Jakob brings up a point that I seldom hear talked about from an artist's perspective. There’s obviously a huge disconnect between the level of success one can conjure up on the internet and success that exists in the real world. This discrepancy, I think, is made even more abstract in the music ecosystem. The easiest and arguably most legitimate metric for quantifying a thriving career in music in the 21st century from a label’s perspective is tickets sold - it is easy for fans of an artist, or even the artist themself, to quantify success through Instagram followers and Spotify monthly listeners, but I think here is where the disconnect lies and where I think the problem was exacerbated over the last year. Because with 18 months of venue foreclosures and empty stages the only essence of understanding how many people give a shit about you falls on the brittle spine of streams and followers. So Jakob's deep sense of confusion and worrying is completely justified. I spent the same amount of time at home utterly confused and it wasn’t until I found myself in Rochester, NY last week looking out at a crowd of 10 people in a 450 capacity venue that this idea truly hit me. In no way, shape, or form can I expect two million streams on a song that I made, and a couple hundred thousand monthly listeners, to mean a goddamn thing other than using it as a palliative to make myself feel better when people ask me why I’m 23 and don’t have a job.


The second prong of his concerns is the thing that we all worry about and rarely vocalize, which is what if this just doesn’t work out?


“Obviously I am going to keep making music to some degree for the rest of my life but at what point, if you haven't reached the level of success that is required to be a full time band, do you go, well maybe this isn't something that I should be doing anymore?”

The only aspect of this I would like to elaborate on is that even though Jakob and I both fear this cultural pressure, that if you have


n’t met whatever metric of success you are comparing yourself to by 29, then you’re practically fucked, there needs to be an understanding that there is more to life than whatever venue you think you need to sell out in order to be worth something. And this is also where Jakob stands out as an exceptionally unique individual, because he does truly understand this because aside from his worrying, Jakob honestly just cares about writing songs. That is why Ultra Q is such a good band, because their music sounds like friends who like writing songs together and their videos look the same. For fucks sake even their fans look the same too.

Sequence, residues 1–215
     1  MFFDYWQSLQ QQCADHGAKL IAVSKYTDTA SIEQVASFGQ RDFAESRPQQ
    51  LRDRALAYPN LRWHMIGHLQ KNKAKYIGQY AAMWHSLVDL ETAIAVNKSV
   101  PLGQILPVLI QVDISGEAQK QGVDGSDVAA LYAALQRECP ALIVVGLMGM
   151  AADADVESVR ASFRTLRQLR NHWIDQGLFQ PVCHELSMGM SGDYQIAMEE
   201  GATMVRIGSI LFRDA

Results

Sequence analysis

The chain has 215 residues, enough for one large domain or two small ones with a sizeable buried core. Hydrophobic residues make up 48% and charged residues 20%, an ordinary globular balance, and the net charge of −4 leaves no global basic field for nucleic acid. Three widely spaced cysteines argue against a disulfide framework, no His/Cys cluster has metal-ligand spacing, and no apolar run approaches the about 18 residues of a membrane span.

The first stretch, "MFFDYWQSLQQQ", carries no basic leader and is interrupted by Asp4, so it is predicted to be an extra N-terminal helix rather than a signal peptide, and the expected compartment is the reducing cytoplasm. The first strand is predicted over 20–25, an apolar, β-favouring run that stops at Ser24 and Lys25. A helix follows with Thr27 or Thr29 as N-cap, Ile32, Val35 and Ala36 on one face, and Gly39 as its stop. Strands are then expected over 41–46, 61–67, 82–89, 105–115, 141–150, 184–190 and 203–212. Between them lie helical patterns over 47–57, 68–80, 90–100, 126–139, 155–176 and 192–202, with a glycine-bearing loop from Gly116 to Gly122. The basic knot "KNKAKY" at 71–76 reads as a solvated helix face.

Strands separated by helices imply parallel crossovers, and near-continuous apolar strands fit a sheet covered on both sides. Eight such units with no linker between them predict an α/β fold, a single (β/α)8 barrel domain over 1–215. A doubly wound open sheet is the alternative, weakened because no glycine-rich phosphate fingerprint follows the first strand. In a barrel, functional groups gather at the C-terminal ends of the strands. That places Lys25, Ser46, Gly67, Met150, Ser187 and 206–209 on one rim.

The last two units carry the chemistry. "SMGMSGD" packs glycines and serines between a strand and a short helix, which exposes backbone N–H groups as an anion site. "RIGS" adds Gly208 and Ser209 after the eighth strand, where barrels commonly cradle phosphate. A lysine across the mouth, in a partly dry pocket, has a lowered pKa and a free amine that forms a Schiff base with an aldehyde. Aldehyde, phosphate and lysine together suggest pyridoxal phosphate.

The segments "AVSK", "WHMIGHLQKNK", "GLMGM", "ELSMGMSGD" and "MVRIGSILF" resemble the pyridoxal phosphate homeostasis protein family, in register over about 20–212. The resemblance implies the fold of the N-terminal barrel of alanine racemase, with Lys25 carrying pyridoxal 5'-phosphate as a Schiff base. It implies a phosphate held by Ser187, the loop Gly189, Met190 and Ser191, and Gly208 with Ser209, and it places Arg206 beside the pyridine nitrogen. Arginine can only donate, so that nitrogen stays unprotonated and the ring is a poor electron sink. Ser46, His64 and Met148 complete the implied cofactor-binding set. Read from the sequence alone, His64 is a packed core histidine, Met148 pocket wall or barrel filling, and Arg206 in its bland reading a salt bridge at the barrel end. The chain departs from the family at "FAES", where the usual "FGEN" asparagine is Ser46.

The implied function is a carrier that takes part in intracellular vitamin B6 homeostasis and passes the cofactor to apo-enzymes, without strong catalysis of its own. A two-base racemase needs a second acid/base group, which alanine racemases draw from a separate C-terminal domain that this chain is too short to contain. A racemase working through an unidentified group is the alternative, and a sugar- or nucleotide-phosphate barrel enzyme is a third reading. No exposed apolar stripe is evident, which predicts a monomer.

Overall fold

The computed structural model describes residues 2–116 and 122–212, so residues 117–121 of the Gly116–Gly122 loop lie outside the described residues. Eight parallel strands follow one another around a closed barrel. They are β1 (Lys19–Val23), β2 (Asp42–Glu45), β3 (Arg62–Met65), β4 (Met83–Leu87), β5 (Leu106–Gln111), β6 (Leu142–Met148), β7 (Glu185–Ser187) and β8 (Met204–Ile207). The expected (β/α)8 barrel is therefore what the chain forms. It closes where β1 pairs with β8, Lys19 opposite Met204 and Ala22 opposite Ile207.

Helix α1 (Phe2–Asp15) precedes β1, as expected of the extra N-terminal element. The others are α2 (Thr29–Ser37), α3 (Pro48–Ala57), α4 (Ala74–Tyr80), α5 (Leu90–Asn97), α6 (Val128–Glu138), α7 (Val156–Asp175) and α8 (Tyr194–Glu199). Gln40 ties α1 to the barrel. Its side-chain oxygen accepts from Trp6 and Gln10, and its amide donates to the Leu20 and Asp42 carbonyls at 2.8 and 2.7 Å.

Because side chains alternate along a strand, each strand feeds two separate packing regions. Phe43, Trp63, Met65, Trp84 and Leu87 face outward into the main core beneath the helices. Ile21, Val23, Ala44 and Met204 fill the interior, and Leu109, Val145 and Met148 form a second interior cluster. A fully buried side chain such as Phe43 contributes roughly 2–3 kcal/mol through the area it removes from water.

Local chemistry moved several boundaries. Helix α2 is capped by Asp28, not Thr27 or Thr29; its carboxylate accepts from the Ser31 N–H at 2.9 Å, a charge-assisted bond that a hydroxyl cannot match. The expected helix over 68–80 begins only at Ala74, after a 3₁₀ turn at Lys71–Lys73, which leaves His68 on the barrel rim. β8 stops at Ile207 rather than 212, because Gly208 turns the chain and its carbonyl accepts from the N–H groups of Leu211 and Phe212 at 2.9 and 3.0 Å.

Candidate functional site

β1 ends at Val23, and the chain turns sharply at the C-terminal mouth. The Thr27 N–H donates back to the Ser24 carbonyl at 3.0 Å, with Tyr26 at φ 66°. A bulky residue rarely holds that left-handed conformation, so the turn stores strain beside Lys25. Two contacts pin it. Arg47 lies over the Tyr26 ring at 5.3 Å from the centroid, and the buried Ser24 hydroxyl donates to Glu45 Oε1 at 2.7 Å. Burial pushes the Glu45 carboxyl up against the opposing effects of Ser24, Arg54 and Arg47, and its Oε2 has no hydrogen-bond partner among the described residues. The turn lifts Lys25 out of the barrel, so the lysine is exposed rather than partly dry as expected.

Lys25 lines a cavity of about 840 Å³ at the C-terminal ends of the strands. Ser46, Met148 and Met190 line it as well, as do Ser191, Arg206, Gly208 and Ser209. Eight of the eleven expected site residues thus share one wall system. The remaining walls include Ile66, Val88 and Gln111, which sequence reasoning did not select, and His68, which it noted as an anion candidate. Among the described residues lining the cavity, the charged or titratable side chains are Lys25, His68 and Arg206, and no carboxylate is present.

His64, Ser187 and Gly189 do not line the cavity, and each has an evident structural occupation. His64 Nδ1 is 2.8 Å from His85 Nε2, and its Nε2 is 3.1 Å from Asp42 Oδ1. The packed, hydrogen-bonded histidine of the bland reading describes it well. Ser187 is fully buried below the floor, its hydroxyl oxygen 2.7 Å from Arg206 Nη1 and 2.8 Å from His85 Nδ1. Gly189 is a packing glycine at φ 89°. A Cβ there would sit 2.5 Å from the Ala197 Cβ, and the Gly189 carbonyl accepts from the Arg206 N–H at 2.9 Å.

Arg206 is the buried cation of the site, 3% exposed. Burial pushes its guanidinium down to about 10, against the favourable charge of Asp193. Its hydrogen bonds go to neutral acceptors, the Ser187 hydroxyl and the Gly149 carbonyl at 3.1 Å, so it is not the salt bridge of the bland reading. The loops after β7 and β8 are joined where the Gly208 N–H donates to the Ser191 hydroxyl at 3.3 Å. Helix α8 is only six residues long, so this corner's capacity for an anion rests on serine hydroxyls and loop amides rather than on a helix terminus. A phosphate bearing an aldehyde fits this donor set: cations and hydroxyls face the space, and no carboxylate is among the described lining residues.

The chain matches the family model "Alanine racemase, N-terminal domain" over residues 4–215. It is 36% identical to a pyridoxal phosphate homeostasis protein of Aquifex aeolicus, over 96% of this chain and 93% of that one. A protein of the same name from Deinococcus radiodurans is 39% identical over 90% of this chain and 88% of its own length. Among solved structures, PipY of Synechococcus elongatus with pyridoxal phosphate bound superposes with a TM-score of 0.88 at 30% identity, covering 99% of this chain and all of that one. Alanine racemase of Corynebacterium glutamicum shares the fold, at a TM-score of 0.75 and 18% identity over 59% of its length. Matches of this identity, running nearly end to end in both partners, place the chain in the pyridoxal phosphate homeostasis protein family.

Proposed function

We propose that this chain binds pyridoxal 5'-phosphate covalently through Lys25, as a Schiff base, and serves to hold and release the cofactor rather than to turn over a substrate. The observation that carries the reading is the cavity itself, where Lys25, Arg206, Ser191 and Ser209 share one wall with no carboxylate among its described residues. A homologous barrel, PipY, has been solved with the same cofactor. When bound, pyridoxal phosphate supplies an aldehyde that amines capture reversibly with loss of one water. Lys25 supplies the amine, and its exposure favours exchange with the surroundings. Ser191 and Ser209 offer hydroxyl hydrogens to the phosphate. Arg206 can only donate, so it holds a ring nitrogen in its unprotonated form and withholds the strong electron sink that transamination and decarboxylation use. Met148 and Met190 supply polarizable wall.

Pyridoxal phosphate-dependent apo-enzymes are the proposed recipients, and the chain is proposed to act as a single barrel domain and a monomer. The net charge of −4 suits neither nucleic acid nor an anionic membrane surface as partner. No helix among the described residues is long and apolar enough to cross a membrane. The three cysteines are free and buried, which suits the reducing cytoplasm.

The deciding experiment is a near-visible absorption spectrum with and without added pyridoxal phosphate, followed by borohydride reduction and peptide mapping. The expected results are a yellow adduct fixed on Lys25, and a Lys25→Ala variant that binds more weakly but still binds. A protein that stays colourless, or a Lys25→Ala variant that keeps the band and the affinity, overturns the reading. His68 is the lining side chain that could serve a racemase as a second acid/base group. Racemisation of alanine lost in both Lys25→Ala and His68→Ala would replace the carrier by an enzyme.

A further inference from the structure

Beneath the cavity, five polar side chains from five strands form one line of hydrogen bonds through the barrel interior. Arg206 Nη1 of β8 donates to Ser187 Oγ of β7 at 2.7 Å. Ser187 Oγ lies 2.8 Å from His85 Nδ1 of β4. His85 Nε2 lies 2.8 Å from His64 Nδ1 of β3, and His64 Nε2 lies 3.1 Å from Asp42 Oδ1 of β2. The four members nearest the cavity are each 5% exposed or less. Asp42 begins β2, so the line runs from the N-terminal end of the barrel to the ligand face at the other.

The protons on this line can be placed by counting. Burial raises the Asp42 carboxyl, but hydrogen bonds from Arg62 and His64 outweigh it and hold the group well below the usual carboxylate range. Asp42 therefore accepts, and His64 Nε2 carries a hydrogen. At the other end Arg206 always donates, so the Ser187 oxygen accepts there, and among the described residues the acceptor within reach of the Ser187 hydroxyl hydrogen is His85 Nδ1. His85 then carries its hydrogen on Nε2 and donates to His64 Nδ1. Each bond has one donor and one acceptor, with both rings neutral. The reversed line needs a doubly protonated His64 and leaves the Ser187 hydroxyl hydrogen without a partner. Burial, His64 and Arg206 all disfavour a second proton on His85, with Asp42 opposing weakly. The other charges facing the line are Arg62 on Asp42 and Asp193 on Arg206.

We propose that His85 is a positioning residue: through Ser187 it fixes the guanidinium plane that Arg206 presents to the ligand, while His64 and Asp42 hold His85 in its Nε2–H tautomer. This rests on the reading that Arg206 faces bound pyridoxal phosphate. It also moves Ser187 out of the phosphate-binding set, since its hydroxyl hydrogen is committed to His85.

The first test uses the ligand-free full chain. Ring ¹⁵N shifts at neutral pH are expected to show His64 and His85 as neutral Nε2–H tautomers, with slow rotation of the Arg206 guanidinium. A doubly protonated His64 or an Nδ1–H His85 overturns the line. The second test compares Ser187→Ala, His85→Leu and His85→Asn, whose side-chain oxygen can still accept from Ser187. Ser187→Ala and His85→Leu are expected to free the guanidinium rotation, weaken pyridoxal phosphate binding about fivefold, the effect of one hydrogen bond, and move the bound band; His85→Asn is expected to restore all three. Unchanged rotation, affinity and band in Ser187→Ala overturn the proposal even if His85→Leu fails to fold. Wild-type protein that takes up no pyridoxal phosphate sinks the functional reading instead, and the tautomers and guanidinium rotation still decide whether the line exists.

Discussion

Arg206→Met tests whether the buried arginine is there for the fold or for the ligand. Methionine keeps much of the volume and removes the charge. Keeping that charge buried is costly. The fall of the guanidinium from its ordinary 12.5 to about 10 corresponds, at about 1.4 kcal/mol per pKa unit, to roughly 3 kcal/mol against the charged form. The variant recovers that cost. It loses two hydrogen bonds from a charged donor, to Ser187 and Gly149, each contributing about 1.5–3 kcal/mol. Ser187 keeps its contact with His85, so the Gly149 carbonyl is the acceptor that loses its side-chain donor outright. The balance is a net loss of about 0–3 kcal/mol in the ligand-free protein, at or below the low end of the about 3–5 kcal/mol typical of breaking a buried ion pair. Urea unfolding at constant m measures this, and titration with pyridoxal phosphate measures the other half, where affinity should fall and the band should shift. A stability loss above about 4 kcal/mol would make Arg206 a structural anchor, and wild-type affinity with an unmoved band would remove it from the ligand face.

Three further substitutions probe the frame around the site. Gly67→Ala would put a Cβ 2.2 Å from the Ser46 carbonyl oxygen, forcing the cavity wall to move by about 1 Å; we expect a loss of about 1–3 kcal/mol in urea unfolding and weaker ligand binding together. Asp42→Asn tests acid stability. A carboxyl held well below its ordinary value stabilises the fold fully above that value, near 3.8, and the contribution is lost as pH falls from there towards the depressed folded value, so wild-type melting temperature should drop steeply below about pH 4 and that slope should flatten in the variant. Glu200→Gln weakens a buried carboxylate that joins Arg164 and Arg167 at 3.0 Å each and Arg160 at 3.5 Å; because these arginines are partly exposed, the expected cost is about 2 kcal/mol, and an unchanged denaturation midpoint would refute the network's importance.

When I brought this up to him all he said was “we’re just so unbelievably grateful for the people that we have managed to surround ourselves with, it’s literally just us making art with our friends which is great.”


Jakob and the boys are going to be playing some shows in Los Angeles and San Francisco in November and I highly recommend going, they also have two new wonderful songs out now titled Bowman, and Handheld.





I finished up our conversation by asking him a hypothetical of mine:





So let's imagine one of your favorite bands extends an offer to your band for the opening slot on their major North American tour. You are obviously elated by this and as a celebratory measure you decide to close the first night of the tour by covering a song from the headlining band. This decision ends up going extremely well, in your favor, and the crowd goes absolutely mad over your rendition of your favorite band's song. You can’t tell at this point if the audience is fawning over you because they appreciate the humor, or because they preferred your performance of the headliner's song. After the show the headliner (your idols) also seemed to have enjoyed the performance and saw the humor behind it. So you and the rest of the boys decide to do it again at the following show, that performance goes just as well if not better than the first. Within a couple of weeks you guys have swapped out a majority of your own songs for those of the headliner and the crowds continue to obsess over Ultra Q, you begin to sell more tickets than the headliner forcing your two bands to switch in rotation of the shows. Ultra Q is now being sent through the stratosphere in terms of critical and commercial acclaim, but all the recognition is being given towards the songs that you didn’t write, your band is eclipsing your favorite band by playing their songs. The peculiar thing is that no one in the general public seems to care that you haven't written these songs, it’s not as if they are unaware that these are not your songs, they simply just prefer yours vastly more than the other band. This peculiar career trajectory continues for years, every time the band whose songs you have been playing records an album, you go and record the same one and the record sales are immediately in the millions, whereas the band who wrote the songs see’s no success whatsoever. One night, after a sold out show to thousands, you find yourself backstage celebrating yet another successful performance when you are interrupted by a young child (how he got backstage is of little to no importance for this hypothetical) you approach the child and upon greeting him, he says this to you.


“Why don’t you play your old songs again? I really loved those ones, plus my dad can’t play his songs anymore because you keep stealing them.”


And on that note I asked Jakob this:


“What do you say to this child? And is what you are doing technically stealing? I mean you are paying his dad songwriting credits”


All he had to say was, “Oh shit that is heartbreaking. It's also so embarrassing. This is going to sound fucked up but that's kind of happened to us after we stopped playing Mt. Eddy songs. But to the kid I would say sorry and then start crying.”